Rakesh flies to Bombay to meet Professor Chakravarty. At the airport he thwarts a half-hearted attempt on his life, and is surprised to see the mystery woman from Delhi waiting for him—she even knows the code name he is travelling under, Prince Ranvir Singh (so unobtrusive!). She gives him a ride to his hotel.
The woman seen skulking at the Professor’s house turns out to be a CID agent herself; she informs Rakesh that Anil has an island with a secret laboratory—and a swimming pool.
In his room later, another enigmatic beauty by the name of Sophia (Bela Bose) introduces herself.
She entertains at the hotel club that evening (please take note of the awesome decor and stoned gori guitarists!).
The mystery woman from Delhi is there too, watching Rakesh closely as Sophia flirts with him. While Rakesh is thus distracted, Anil shoots his father and then destroys the alien-locating machine. Luckily the professor is only grazed by the bullet, and when Rakesh finally arrives Chakravarty tells him that his scientific colleagues have been disappearing.
They are being held on a spaceship. One of them accuses Anil of perpetrating a fraud—there are no aliens, he says, only gangsters working for Anil himself. He is killed with a death-ray by the mysterious space-suited figure.
I am enthralled by the multi-national extras in this scene, some of whom participate more enthusiastically than others.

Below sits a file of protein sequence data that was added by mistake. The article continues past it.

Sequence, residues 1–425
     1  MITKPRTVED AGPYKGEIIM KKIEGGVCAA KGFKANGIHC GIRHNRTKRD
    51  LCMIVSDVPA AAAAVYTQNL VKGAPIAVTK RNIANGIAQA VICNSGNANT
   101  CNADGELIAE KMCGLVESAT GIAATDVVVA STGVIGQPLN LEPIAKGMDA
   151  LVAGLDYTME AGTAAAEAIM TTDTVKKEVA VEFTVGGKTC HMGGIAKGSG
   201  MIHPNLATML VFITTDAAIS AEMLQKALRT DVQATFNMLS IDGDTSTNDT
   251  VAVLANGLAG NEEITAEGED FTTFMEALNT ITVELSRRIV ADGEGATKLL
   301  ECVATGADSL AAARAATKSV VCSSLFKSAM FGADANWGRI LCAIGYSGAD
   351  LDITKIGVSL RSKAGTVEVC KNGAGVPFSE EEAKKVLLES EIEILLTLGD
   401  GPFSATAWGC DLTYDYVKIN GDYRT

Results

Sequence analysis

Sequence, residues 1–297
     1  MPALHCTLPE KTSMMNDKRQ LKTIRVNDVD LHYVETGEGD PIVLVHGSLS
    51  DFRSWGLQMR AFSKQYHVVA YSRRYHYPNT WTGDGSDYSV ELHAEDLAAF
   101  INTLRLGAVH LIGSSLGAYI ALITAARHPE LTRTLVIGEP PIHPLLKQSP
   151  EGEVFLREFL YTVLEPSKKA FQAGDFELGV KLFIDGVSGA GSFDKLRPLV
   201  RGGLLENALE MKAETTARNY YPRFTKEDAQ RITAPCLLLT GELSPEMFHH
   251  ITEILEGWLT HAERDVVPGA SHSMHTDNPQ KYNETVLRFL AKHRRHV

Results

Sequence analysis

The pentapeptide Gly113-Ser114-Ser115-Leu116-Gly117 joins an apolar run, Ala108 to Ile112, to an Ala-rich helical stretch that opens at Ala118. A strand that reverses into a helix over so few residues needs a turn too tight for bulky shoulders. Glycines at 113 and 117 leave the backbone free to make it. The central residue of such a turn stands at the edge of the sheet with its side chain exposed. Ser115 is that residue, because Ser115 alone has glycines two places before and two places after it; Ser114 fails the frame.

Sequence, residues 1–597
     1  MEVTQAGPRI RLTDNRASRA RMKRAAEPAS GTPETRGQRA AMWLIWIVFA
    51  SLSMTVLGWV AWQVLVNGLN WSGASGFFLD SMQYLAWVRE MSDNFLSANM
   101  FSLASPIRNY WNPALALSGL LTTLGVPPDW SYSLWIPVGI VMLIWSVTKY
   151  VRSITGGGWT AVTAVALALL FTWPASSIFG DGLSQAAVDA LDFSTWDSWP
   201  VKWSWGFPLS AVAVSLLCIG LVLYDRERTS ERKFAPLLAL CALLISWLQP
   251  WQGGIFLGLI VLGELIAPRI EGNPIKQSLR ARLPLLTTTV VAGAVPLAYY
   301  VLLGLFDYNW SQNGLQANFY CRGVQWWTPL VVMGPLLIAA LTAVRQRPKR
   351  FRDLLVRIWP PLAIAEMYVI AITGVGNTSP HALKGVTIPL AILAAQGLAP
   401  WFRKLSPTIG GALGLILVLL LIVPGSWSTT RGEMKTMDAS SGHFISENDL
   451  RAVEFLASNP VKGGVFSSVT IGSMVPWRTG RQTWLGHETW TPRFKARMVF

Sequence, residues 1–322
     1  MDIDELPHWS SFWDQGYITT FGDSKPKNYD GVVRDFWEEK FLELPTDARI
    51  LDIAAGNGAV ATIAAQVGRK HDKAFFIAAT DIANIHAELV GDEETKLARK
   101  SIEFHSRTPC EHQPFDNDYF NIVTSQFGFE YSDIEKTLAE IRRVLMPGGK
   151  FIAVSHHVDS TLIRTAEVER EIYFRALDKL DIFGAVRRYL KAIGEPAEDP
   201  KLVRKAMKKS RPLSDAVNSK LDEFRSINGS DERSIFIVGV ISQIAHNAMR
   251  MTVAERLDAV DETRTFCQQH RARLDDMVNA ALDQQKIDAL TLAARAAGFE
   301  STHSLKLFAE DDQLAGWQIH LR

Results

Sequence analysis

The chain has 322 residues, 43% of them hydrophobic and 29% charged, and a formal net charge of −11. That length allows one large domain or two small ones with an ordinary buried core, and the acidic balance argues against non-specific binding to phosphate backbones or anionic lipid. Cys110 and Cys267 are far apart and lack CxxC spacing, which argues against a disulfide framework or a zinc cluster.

Rakesh’s female CID agent is killed too, by Anil and Miss Margaret in a swimming pool “accident.”
Rakesh and Johnny are mildly regretful when they arrive on the island to save her.
Rakesh grows ever fonder of the mysterious woman from Delhi:
and he and Johnny continue to gather evidence against Anil and his collaborators. Are they really people from Mars? Who is this mysterious woman from Delhi and what is her interest in Rakesh? Can Anil be stopped from turning his super-laser-death-ray on the world? Will there be any diamonds left on earth for the rest of us?
And most of all, what is the connection between people from Mars and fake nails?
The film is cheesy, without a doubt, but delectably so. It embodies everything I love about these obscure so-called B-movies in its cheerful entrepreneurial spirit and low-budget creativity. It doesn’t always make sense—even with subtitles—but it doesn’t have to, and to be fair it does hang together much better than many with greater pretences. The music is lovely, the dances fabulous, the special effects startling; and the actors seem to really be enjoying themselves (except some of the extras, as I’ve pointed out). I especially now love Nilofar and her flipped-out hair. She is a wide-eyed low-key evil-doer—I need more Nilofar!
If you’d like to see it (the subtitles are really well done too, I might add) the link to the download is embedded in this Wahan Ke Log pdf file, which is also interesting reading. Tom explains what he’s done with the source video to improve it (difficult at best with the low-quality vcd files that are all he had access to). If downloading it is too tedious or difficult (we’re still looking for a server to house these gems!) you can watch it online here. If you have problems, leave a comment and we’ll try to help troubleshoot.
Thank goodness for Tom (someone should be paying him for all this) and many many thanks to Raja as well for translating this charmer. Please let them know how much their work is valued and appreciated: they do it out of a deep and abiding love for this cinema and the least we can do is cheer them on!